“The situation is different with students of state schools; they are often disconnected completely from singing and music. No wonder they cannot tell the difference between guitar and percussion.”
A graduate of the Faculty of Computer Science at Ain Shams University, Siko instead entered the world of music production.
Initially, his work was rather administrative, but with time he got drawn to the work of sound engineers. He watched the musicians, as well as the technicians and engineers.
He recalls when a friend, Karim Rateb, who ran a music studio, offered him work. “I stayed in his studio for a decade, in management and occasionally in sound engineering.”
Fascinated by the music business, Siko dreamed of launching his own studio, since working as an employee was not his cup of tea. “I just wanted to do what I like, in my own way.”
He has learned a lot along the way. In terms of business and music, Siko says that while there is big competition between private studios and independent spaces, he keeps calculating each step he takes and how he should move forward. His main trick lies in serving the musicians and offering them the atmosphere that will allow them to create the best music they can.
It is through Vibe that he met Sherine Abdou, Dina El-Wedidi, Massar Egbari, among many other local musicians. He says he feels proud that with the studio he is able to encourage them and participate in the production of their albums.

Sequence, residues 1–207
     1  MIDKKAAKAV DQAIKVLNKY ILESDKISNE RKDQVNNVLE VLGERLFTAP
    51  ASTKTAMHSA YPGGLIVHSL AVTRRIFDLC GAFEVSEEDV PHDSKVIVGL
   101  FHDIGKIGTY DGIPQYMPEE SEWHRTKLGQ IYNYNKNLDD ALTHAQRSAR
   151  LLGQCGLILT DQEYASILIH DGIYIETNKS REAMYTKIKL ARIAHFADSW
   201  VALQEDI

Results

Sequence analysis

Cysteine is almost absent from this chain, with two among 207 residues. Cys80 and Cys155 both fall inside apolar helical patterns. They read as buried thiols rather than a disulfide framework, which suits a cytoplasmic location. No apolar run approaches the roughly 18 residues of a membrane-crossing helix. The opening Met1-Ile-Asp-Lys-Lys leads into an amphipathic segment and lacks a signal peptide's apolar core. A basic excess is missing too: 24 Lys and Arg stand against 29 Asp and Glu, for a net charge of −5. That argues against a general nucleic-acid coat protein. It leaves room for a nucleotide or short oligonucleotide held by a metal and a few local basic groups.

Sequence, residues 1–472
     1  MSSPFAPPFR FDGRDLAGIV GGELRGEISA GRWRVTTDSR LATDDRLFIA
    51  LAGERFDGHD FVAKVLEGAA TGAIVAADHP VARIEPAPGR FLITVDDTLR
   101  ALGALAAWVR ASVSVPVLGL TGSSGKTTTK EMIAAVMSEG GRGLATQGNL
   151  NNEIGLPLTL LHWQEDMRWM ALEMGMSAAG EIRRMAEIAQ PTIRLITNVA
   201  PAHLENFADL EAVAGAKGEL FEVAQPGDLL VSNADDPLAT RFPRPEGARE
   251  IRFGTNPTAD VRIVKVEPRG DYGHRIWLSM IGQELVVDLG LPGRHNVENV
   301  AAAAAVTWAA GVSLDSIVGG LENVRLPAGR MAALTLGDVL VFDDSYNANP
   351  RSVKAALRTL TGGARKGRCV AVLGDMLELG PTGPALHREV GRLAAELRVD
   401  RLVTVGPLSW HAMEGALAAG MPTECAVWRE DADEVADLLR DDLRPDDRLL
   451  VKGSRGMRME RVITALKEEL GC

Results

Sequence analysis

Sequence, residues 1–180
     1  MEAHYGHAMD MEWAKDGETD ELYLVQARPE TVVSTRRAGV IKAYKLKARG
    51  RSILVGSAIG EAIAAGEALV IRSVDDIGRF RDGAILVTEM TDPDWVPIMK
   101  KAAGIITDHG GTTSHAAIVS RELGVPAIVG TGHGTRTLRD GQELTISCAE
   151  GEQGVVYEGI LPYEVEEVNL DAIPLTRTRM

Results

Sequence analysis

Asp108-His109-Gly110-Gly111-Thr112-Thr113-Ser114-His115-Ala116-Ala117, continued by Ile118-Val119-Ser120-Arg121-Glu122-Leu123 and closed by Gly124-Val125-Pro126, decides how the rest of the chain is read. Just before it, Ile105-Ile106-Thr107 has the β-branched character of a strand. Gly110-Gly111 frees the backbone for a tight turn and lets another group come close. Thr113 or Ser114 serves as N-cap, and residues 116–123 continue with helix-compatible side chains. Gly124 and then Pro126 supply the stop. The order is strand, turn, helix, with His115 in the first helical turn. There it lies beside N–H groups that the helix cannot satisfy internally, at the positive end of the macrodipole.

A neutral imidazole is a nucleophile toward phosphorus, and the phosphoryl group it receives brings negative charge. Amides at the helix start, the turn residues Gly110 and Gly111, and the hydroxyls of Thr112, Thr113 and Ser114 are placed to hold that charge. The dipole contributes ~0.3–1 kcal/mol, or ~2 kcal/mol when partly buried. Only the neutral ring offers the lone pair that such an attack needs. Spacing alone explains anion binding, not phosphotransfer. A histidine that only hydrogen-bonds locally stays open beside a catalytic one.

Five years after establishing Vibe, he opened Da House, in the same building in Dokki. Da House is a meeting place for musicians and a place for concerts and various events.
It also includes small rooms where musicians can work quietly or hold workshops related to the acoustic system or singing techniques.
“Da House complements Vibe's activities. I also wanted to launch a production company through Da House, to organise events and play the role of an artistic manager for certain stars and bands,” Siko says.
Continuing to divide his time between the two spaces, Siko’s work day usually begins around 5pm and ends at 1am or later.
“My work schedule creates problems with my family and my children,” the young entrepreneur says. “The day is reversed, and because of the school hours, I can spend days without seeing my children.”
But despite the personal challenges, Siko's dreams do not end with Da House. He wants to create a whole city of music, where he can take care of bands and singers from A to Z.
“I always have plans. The long-term plans need time, say five or seven years to lay my first stone,” he concludes.
This article was first published in French in Al-Ahram Hebdo.